Category: Social Science

School Society And State

Author : Tracy L. Steffes
ISBN : 9780226772097
Genre : Education
File Size : 59.28 MB
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“Democracy has to be born anew every generation, and education is its midwife,” wrote John Dewey in his classic work The School and Society. In School, Society, and State, Tracy Steffes places that idea at the center of her exploration of the connections between public school reform in the early twentieth century and American political development from 1890 to 1940. American public schooling, Steffes shows, was not merely another reform project of the Progressive Era, but a central one. She addresses why Americans invested in public education and explains how an array of reformers subtly transformed schooling into a tool of social governance to address the consequences of industrialization and urbanization. By extending the reach of schools, broadening their mandate, and expanding their authority over the well-being of children, the state assumed a defining role in the education—and in the lives—of American families. In School, Society, and State, Steffes returns the state to the study of the history of education and brings the schools back into our discussion of state power during a pivotal moment in American political development.
Category: Education

Stuck In Place

Author : Patrick Sharkey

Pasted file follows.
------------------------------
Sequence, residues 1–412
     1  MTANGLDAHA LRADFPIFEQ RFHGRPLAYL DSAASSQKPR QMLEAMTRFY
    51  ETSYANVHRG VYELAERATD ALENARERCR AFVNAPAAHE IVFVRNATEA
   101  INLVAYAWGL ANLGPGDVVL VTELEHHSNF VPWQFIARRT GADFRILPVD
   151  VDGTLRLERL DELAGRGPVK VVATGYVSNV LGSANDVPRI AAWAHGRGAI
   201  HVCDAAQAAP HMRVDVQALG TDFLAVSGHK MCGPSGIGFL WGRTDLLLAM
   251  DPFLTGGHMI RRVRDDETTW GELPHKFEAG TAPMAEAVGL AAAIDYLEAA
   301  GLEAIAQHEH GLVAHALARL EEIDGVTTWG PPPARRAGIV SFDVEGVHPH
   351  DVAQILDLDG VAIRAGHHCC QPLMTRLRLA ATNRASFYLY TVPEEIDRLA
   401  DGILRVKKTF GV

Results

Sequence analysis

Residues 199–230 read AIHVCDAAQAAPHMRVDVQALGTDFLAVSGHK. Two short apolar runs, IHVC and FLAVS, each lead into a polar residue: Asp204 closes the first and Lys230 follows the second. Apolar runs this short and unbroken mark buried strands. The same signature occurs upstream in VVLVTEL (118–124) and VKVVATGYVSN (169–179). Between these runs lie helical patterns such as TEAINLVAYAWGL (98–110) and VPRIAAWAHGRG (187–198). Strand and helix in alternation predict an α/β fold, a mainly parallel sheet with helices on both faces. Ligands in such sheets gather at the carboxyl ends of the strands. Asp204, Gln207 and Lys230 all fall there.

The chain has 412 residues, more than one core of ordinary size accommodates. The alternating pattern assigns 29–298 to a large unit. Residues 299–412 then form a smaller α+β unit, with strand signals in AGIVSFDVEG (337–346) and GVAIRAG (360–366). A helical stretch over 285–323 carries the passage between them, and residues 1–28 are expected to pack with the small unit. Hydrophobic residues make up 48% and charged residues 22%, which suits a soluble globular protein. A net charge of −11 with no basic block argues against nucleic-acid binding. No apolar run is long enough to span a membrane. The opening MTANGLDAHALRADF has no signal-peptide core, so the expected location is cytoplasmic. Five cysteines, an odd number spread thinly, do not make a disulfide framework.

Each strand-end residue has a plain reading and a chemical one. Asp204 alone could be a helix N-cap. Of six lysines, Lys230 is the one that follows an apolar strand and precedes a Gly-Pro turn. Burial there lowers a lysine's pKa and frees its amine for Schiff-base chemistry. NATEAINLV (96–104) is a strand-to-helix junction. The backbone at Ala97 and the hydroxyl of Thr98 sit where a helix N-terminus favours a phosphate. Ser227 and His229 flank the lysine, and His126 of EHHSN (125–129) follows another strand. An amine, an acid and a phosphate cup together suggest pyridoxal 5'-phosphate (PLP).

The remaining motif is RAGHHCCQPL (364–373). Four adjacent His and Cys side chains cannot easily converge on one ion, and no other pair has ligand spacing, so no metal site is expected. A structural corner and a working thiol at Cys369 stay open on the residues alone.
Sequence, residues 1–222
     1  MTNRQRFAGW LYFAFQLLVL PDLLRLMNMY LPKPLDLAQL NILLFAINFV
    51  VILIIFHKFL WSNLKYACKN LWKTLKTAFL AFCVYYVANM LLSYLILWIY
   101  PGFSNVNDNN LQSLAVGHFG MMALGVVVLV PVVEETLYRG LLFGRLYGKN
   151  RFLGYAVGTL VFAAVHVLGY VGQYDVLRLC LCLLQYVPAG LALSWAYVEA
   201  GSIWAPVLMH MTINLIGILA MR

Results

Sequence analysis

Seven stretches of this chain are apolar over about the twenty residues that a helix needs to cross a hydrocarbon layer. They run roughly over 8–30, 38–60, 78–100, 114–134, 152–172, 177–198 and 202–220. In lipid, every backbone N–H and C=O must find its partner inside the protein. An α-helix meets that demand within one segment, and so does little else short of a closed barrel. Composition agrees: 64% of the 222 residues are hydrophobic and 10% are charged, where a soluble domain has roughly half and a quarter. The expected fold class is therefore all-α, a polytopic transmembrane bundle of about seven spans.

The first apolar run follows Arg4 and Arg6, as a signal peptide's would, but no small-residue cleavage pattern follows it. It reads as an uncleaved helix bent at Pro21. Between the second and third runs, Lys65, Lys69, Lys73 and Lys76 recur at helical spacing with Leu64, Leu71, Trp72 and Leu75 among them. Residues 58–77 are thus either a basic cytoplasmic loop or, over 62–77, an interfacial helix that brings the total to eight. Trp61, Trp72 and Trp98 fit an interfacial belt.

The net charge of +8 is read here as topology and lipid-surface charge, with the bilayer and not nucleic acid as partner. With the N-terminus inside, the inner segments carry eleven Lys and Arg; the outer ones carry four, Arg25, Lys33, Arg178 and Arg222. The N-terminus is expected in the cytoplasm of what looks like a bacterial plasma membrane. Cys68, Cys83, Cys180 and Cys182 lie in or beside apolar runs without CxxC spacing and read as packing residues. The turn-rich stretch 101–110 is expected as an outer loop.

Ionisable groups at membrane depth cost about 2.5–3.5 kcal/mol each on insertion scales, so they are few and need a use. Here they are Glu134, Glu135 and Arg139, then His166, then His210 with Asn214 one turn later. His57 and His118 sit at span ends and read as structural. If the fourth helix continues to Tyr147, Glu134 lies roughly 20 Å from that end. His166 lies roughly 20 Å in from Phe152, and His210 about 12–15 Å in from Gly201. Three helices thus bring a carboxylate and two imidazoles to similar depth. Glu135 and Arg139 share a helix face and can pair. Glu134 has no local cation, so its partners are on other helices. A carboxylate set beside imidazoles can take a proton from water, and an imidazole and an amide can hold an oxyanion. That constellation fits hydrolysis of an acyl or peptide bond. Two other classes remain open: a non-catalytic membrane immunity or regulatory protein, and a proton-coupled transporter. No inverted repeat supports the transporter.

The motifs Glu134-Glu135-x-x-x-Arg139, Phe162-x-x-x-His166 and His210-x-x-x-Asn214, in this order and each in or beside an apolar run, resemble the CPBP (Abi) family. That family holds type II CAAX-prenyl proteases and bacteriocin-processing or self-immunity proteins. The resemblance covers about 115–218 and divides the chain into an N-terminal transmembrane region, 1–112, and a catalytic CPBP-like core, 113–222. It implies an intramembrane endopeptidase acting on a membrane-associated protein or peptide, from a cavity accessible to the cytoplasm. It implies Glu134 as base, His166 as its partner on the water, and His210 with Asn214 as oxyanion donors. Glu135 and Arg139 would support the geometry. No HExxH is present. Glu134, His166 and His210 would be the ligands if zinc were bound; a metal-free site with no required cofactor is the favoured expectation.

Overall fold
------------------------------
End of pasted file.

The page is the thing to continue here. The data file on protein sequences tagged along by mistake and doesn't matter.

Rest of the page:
ISBN : 9780226924267
Genre : Social Science
File Size : 77.9 MB
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In the 1960s, many believed that the civil rights movement’s successes would foster a new era of racial equality in America. Four decades later, the degree of racial inequality has barely changed. To understand what went wrong, Patrick Sharkey argues that we have to understand what has happened to African American communities over the last several decades. In Stuck in Place, Sharkey describes how political decisions and social policies have led to severe disinvestment from black neighborhoods, persistent segregation, declining economic opportunities, and a growing link between African American communities and the criminal justice system. As a result, neighborhood inequality that existed in the 1970s has been passed down to the current generation of African Americans. Some of the most persistent forms of racial inequality, such as gaps in income and test scores, can only be explained by considering the neighborhoods in which black and white families have lived over multiple generations. This multigenerational nature of neighborhood inequality also means that a new kind of urban policy is necessary for our nation’s cities. Sharkey argues for urban policies that have the potential to create transformative and sustained changes in urban communities and the families that live within them, and he outlines a durable urban policy agenda to move in that direction.
Category: Social Science

Grassroots Warriors

Author : Nancy A. Naples
ISBN : 9781317796008
Genre : Social Science
File Size : 52.86 MB
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First published in 1998. Routledge is an imprint of Taylor & Francis, an informa company.
Category: Social Science